It opens with a chapter entitled ‘The plurality of approaches’ in which Jencks defines his complex analysis of architectural history. For instance, he maintains that there are two types of historically relevant materials: the influential and the perfected. Whereas he regards the influential works as being those significant in the link of history ‘such is the development of the communal house in Russia, or the pop movement is England,’ he considers the perfected as being the ‘kind of event or building best analyzed critically for its internal relations. For instance the multivalent work of Le Corbusier, James Sterling and Aldo van Eyck is so significant in itself that historical narrative has to stop and analysis of internal relations take over, Jencks then continues to define six traditions which have developed during the last fifty years and these traditions (idealist, self-conscious, intuitive, logical, unselfconscious, and activist) are governed by subjective attitudes and not by their objective impact on architecture as a whole.
As one continues to read the book, it becomes apparent that Jencks considers this complex approach as the only realistic approach to contemporary architecture. The work of Mies van der Rohe, Walter Gropius and Frank Lloyd Wright is reassessed in the light of their late work which has avoided any real analysis before. For instance, he takes the Maven County Civic Centre which Wright built in 1964 and shows how the work of a one time genius deteriorates into a dreary cake style. We see the London building of the one time pioneer Walter Gropius. Modern Movements is an important book and the only one which takes a comprehensive look at the complete range of modern architecture in the developed world.
Le Corbusier is a flashy book which is grotesquely expensive for the Indian market. All books on Corbusier since his death have been flashy and expensive. Nevertheless, Jencks has contributed considerably to the already vast literature on the colossus of modern architecture.
It is no wonder that so much has been written of the man: ‘Because of Le Corbusier's’s undeniable creative potency, he left us a mass of technical-aesthetic inventions which have had a widespread influence on the would of architecture probably comparable only to Palladio ’s influence in the past. He changed, or was instrumental in changing the aesthetic direction of modern architecture, twice; once in the twenties with his philosophy of ‘‘purism’’ and once in the fifties with his sculptural form of Brutalism’.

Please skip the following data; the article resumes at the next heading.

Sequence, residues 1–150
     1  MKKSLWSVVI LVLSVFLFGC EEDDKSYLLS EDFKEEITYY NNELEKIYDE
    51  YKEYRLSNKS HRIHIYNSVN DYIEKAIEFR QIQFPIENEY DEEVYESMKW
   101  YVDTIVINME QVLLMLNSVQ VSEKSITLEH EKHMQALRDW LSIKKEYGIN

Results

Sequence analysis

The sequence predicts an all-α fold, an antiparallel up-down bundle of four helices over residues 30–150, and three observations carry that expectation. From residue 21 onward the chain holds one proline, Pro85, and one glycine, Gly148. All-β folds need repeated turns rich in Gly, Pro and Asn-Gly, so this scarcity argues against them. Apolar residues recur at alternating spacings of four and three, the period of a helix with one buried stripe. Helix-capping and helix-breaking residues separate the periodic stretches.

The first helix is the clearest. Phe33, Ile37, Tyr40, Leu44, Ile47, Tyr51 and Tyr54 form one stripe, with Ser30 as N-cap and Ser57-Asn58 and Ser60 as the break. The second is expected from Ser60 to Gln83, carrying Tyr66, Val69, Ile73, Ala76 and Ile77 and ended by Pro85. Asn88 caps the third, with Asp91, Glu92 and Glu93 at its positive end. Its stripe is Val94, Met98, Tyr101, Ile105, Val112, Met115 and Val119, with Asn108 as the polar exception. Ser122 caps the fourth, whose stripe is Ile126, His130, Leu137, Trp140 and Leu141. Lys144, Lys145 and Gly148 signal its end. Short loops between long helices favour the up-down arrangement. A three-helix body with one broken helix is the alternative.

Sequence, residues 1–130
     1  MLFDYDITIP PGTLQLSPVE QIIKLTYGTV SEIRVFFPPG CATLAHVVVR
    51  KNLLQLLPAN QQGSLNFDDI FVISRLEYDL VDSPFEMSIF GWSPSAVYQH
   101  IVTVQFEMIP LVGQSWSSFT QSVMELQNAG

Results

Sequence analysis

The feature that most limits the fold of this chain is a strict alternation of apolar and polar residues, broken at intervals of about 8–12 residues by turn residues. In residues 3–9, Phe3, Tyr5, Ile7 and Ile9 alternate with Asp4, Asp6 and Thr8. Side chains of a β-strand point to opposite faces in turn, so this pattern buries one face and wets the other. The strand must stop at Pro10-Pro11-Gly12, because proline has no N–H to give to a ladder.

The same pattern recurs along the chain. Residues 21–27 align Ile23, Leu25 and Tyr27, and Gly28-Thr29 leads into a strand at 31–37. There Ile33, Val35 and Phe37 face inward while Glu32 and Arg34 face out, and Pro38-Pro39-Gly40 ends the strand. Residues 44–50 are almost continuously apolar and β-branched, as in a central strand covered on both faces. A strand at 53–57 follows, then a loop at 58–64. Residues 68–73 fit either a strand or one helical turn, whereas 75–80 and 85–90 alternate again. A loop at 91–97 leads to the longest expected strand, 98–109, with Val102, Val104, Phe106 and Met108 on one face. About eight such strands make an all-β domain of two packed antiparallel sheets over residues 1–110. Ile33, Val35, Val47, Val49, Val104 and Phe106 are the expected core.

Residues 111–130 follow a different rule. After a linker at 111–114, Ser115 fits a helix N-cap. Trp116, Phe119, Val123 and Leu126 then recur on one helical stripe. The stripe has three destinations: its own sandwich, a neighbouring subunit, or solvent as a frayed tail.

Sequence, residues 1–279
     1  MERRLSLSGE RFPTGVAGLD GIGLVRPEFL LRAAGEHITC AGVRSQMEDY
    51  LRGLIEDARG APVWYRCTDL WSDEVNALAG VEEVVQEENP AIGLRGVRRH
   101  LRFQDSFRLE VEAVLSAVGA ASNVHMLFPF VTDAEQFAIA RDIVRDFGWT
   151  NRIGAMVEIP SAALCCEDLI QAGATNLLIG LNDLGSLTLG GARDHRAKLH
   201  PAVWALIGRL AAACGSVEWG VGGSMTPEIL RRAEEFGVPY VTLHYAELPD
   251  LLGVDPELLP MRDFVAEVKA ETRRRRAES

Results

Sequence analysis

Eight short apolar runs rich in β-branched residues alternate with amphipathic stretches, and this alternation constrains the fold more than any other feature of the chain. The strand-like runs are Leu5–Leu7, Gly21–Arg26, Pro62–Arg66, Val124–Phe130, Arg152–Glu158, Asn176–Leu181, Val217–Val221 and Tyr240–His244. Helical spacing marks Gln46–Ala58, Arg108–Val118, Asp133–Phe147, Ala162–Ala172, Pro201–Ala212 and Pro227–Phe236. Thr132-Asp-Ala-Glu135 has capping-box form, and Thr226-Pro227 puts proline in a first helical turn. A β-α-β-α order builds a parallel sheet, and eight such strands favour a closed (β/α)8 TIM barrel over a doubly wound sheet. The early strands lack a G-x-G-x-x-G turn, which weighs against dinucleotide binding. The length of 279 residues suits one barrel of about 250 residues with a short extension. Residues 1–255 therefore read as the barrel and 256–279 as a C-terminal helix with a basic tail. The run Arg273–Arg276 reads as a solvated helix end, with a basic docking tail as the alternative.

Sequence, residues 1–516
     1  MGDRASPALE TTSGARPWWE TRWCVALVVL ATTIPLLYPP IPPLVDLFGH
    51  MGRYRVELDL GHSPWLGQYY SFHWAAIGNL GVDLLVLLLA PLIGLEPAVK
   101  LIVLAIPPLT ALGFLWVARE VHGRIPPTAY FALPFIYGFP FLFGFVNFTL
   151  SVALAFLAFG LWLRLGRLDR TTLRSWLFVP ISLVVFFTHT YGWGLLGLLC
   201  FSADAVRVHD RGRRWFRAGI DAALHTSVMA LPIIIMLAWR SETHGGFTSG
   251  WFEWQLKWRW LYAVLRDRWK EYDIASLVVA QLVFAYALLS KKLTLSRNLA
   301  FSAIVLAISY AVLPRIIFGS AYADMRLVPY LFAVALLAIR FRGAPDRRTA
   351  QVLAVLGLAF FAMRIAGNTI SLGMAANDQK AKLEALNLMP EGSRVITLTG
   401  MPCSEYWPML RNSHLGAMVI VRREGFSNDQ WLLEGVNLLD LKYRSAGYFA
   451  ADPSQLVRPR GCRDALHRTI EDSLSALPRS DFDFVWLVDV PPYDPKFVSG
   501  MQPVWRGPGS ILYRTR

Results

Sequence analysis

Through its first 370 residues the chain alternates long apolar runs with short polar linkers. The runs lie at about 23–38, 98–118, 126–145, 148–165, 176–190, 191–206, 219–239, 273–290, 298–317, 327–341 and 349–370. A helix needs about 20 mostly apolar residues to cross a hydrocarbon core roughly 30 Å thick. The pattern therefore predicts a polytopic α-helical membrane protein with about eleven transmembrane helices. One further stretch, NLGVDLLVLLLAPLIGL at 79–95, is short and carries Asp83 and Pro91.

Jencks has for the first time brought out these two turning points in Corbusier ’s work. He considers Corbusier as a creator of perfected buildings which must be assessed for their intent thus remains in the background while the ideas of the man and how they influenced his buildings are brought to the fore. It was his sense of failure that made him try and try again to invent new forms and languages of architecture. It is this torment that Jencks brings out vividly. ‘.... he brought about in his life the very bitter-sweet, tragic struggle he was looking for from the start. Judged by worldly standards his life was anything but a failure, even including the rejected schemes as failures, but judged in larger terms it was not a success. He did not realize one city plan, even Chandigarh, that brought harmony to modern life for which he was struggling. Hence his life was ultimately a failure and judging by many bitter comments he knew it to be one’.
The style of writing is good and with this fourth book Jencks has achieved the unrivaled position of the most sought after contemporary historian of architecture.
Meanwhile, back in India, these books only emphasize more than before that the great architecture of forms is created in the developed countries only and that our own architects in India are borrowing bits and pieces from there and sticking them together on to their ‘mini-masterpieces’ which can neither afford Le Corbusier’s lavish concrete sculptures nor the slick sky scrapers coming out of the SOM offices. Our own new directions in architecture lie totally away from the dream forms of the West with their slick detailing and sophisticated building industry. We have bricks, a little cement and steel, some expensive glass, exorbitant airconditioning; and significantly, a vast working population that doesn't have shelter to live in. Shall we still compete with the West in discovering new forms or does our choice lie elsewhere?